For both of these buildings, NHPF worked closely with local partners uniquely experienced in working with those living unhoused, a population with very particular needs. For example: the need to eradicate bed bugs that some residents encounter living in less than ideal conditions. Their experience helped shape the buildings themselves and not just the supportive service programs. For example, the Apartments at Temenos feature treatment for bed bugs via a hot room. All of the flooring is resilient and easy to clean for a population that is often ill while working through addiction issues. We seek out partners that offer organizations their wisdom and experience so building can be handled with respect and care.
Cardinal Ridge in Kansas City, Mo.
The clock was ticking on this affordable housing preservation project in Kansas City, scheduled to enter foreclosure in 30 days. The Housing Authority of Kansas City partnered with NHPF to prevent the foreclosure. Because the initial 15-year compliance period on the property had expired, the acquisition had to ensure the property remain affordable beyond the remainder of its 30-year extended use period and into the foreseeable future. With the deadline looming, the NHPF team went swiftly into action, performing all due diligence, negotiating, and structuring the deal, enabling the partners to close within 30 days, saving the 160-unit former 9 percent tax credit deal including LIHTC, market rate, and public housing units for seniors and families.
To those considering a weird, challenging deal, we offer some recommendations:
- Come from a place of yes—Follow this simple credo. If a potential property meets an organization’s parameters, consider it, even if it presents huge challenges from the get-go. Gather a team, take a meeting, do some due diligence and see if you can create a structure to get a deal done.
- Gain a granular understanding of the project—Begin by looking at the positives, but make a very thorough assessment of the risks and potential mitigants. Determine what resources are needed to tackle the challenge, delve into past projects with similar details and do qualitative and quantitative research.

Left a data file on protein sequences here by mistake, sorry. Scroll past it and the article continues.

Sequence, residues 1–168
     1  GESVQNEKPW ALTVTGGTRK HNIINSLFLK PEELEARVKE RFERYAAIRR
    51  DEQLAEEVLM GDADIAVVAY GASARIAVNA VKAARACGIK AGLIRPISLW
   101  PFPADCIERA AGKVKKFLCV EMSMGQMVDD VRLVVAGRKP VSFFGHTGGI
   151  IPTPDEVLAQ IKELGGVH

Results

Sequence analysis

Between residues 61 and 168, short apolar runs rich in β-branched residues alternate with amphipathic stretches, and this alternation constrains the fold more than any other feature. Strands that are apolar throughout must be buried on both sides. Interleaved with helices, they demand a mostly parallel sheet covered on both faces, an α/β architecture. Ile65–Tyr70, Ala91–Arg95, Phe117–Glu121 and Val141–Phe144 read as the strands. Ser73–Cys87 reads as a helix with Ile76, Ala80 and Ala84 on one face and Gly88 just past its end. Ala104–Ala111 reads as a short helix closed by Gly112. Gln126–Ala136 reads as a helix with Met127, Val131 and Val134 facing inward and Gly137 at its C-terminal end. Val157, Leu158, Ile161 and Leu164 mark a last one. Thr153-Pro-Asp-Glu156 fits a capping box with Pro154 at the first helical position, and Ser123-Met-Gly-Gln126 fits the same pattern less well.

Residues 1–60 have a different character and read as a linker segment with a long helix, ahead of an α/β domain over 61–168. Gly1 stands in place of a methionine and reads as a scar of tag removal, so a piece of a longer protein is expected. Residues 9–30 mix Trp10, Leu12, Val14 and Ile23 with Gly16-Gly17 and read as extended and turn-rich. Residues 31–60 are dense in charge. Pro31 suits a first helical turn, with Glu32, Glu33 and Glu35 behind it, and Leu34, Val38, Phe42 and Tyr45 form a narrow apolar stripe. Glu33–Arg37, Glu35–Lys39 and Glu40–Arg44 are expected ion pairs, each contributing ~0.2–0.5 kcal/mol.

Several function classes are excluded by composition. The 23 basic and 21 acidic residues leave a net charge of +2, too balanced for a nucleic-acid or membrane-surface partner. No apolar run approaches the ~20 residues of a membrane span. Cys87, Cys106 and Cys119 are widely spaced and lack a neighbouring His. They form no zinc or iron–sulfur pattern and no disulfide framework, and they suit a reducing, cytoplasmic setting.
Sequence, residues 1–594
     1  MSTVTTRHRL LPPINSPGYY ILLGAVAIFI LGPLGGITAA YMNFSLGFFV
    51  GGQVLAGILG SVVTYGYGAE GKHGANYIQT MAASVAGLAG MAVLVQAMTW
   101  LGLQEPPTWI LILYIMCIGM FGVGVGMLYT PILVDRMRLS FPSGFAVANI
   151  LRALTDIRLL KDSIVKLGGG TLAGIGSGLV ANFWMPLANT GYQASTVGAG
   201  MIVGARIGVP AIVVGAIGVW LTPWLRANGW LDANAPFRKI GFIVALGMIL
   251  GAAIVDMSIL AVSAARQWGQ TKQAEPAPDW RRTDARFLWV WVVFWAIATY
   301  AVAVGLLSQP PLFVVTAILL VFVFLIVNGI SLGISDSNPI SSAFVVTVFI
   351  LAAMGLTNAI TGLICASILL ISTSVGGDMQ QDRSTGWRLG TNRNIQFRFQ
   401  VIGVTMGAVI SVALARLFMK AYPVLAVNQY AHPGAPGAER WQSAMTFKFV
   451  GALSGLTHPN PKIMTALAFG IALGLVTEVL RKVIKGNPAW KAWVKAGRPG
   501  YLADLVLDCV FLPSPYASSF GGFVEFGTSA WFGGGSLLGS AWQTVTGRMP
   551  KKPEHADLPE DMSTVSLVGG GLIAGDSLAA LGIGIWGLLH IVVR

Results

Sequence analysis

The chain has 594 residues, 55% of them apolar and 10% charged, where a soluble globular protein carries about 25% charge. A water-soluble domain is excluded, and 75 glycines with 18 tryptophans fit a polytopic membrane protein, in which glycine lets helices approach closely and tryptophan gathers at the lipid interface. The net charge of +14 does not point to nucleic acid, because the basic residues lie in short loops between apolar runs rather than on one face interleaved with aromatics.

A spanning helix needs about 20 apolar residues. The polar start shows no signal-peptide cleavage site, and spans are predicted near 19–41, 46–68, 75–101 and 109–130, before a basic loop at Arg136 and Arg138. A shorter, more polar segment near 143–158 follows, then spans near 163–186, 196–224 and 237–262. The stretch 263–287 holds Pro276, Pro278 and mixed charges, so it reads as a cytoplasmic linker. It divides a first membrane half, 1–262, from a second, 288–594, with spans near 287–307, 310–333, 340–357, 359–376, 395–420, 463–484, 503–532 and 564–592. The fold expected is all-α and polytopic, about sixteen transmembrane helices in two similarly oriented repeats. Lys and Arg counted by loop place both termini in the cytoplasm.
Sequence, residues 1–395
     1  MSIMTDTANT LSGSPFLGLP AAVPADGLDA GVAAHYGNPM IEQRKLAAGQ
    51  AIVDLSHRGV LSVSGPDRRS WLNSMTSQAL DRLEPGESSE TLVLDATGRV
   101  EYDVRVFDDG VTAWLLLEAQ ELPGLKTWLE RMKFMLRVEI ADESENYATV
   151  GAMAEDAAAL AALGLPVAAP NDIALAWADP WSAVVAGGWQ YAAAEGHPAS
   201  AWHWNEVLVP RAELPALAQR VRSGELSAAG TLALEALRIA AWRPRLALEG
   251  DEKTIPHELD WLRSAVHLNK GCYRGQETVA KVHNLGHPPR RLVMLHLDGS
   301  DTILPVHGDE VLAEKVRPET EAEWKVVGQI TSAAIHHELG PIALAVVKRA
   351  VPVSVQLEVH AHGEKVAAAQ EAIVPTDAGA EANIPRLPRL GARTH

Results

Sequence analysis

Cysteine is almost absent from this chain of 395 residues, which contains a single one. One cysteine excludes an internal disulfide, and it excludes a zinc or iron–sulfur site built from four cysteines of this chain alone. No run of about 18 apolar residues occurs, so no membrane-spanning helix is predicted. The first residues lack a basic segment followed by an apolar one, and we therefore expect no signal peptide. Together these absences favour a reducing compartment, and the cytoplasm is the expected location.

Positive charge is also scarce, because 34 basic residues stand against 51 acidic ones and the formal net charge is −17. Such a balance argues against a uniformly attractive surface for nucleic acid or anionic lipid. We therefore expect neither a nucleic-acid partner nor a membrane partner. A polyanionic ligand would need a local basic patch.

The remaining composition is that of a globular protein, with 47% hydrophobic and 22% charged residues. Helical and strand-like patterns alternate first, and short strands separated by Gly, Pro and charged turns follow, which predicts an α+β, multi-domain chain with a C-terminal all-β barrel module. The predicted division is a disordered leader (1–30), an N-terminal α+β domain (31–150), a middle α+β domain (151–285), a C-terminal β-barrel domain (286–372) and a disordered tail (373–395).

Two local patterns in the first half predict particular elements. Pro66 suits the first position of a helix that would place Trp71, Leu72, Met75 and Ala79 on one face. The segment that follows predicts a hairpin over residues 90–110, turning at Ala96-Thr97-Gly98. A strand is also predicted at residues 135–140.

- Put your “A” team on the project—Some firms are very risk-aversive and may, at the outset of a tricky or weird project, assign whoever has some free time to poke around a bit and assess. We recommend the opposite: Assign the most qualified folks to determine viability from the beginning in order to get a jump on the assignment or step away without wasting too much time.
- Closely monitor and always be willing to course correct—Especially during Covid, we were all assessing and reassessing plans. For example, we may have undertaken a rehab keeping residents onsite for the duration only to find out the best option would be an offsite relocation. Remain nimble and always have a Plan B (C and D are good as well) available to help successfully course correct.
- Communicate lessons learned early and often—All partners on a project (from the CEO to the residents) benefit from lessons learned. We encourage weekly reporting designed to capture the best ideas to replicate, those to change and those to abandon altogether, gathered from and shared with, every party including lenders, investors, state allocators, contractors, architects, residents, partner organizations and vendors.
Most of all, remain curious, unafraid and open. A combination of creativity, stick-to-itiveness, and acumen will lead you to complete even the weirdest projects.
Mansur Abdul-Malik is vice president, NHP Foundation.